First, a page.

Every day I drive my daughter to high school. As we get closer to the parking lot, I have to be mindful of all of the teenagers wandering in and out of the road like dazed cattle. I also have to brave a four-way stop sign, where I am often the only adult at the wheel of any of the four cars waiting their turn.
That stop sign is an every man for himself, Lord of the Flies experience on wheels. I drive a Smart Car, and there have been times where I was glad to make it out alive.
A high school parking lot is like an episode of the television show Wipeout waiting to happen, except there are cars involved, and people could actually die. My own daughter doesn’t drive yet, but as intelligent as she is, the occasional lapses in common sense and basic self-preservation that I see in the parking lot still occur at home.
All of this tells me that the idea that most kids are fully ready to be valuable contributors to the economy straight out of high school, without any further education or development of their critical thinking skills, is just not true.
However, the looming expense for my daughter’s education also tells me that I really want the disruption that is supposed to occur in higher education to come fast, but common sense tells me that it won’t come via the Massive Open Online Courses (MOOCs) everyone is talking about.
Nothing is Free
However, the idea that the benefit of a degree has to come at the cost that colleges charge is crazy. Higher education is ripe for disruption, and the disruptive force I read about most are MOOCs. A few weekends ago I watched the CEO of EdX, Anant Agarwal, on CNN talking about how disruptive MOOCs are to higher education, and the staggering number of students enrolling in the courses.
EdX is a joint venture between Harvard and MIT, who both provide course content and allow the public to enroll, for free. Coursera, the other large MOOC provider, offers courses from many universities, including some of those prestigious schools in the nation. While I don’t have any personal experience with EdX, I did attend a class offered through the University of Virginia’s Darden Business School—again, for free.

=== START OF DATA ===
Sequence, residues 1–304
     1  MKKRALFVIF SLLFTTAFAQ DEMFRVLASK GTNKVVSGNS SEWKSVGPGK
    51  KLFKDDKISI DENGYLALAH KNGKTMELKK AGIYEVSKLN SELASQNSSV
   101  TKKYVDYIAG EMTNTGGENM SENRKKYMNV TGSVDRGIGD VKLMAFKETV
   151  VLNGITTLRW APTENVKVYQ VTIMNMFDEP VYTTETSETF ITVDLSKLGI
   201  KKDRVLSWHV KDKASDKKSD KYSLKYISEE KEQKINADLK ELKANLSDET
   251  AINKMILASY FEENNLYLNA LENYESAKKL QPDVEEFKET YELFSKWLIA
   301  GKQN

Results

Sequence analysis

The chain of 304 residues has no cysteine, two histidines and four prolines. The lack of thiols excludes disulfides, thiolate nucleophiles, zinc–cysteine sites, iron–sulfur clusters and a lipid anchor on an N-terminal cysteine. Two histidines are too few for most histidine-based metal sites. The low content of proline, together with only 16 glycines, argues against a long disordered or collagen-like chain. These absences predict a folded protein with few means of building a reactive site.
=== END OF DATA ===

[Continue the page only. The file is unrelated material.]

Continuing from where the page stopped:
It was a great experience, and I recommend it as a good source of professional development. But while the course was free to me, it certainly wasn’t free for the University of Virginia, which speaks to the fundamental problem of MOOCs as a major source of disruption:
Without the current model, and the revenue it produces, it would be impossible for a school to offer these courses.
Stated differently, nothing is really free.
A Strategy for Preservation, not Disruption
The higher education industry, particularly the business model of higher education, is under attack in the media on an almost daily basis. As a trade association executive, one of the things I have learned a little bit about is how to strategize and respond to attacks on an industry level. One of those strategies is to develop a response that fundamentally changes nothing, while selling it to the public as groundbreaking.
I don’t think Coursera or EdX, or participating schools have done that intentionally, but I think MOOCs as they currently exist have the same effect. One counter argument to that could be that once employers accept 120 credit hours of MOOC courses as the equivalent to a degree, it will be disruptive.
When that happens, the incentive for colleges to provide course content for free will completely disappear.
All of this aside, I think MOOCs are a great resource for professional development, but they will not fundamentally disrupt higher education. We need to keep looking for what will, and create alternatives other than unleashing teenagers on the world or sending them off to accumulate an unsustainable debt load.